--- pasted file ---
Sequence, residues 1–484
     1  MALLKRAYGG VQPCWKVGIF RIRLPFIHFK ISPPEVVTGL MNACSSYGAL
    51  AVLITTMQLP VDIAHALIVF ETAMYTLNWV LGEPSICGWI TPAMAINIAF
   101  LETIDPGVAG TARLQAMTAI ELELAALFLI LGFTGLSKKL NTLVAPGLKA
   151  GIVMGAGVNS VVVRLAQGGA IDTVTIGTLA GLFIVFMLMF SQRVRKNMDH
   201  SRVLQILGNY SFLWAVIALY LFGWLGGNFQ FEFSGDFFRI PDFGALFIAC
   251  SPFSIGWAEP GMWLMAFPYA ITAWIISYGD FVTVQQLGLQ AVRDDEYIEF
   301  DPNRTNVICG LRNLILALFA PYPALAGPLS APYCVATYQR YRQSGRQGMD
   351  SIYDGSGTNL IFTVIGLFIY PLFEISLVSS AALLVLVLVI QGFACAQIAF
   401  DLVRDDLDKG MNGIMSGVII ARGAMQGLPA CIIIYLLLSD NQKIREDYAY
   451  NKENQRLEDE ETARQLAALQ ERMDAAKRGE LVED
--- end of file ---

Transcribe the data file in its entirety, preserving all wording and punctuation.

Sequence, residues 1–484
     1  MALLKRAYGG VQPCWKVGIF RIRLPFIHFK ISPPEVVTGL MNACSSYGAL
    51  AVLITTMQLP VDIAHALIVF ETAMYTLNWV LGEPSICGWI TPAMAINIAF
   101  LETIDPGVAG TARLQAMTAI ELELAALFLI LGFTGLSKKL NTLVAPGLKA
   151  GIVMGAGVNS VVVRLAQGGA IDTVTIGTLA GLFIVFMLMF SQRVRKNMDH
   201  SRVLQILGNY SFLWAVIALY LFGWLGGNFQ FEFSGDFFRI PDFGALFIAC
   251  SPFSIGWAEP GMWLMAFPYA ITAWIISYGD FVTVQQLGLQ AVRDDEYIEF
   301  DPNRTNVICG LRNLILALFA PYPALAGPLS APYCVATYQR YRQSGRQGMD
   351  SIYDGSGTNL IFTVIGLFIY PLFEISLVSS AALLVLVLVI QGFACAQIAF
   401  DLVRDDLDKG MNGIMSGVII ARGAMQGLPA CIIIYLLLSD NQKIREDYAY
   451  NKENQRLEDE ETARQLAALQ ERMDAAKRGE LVED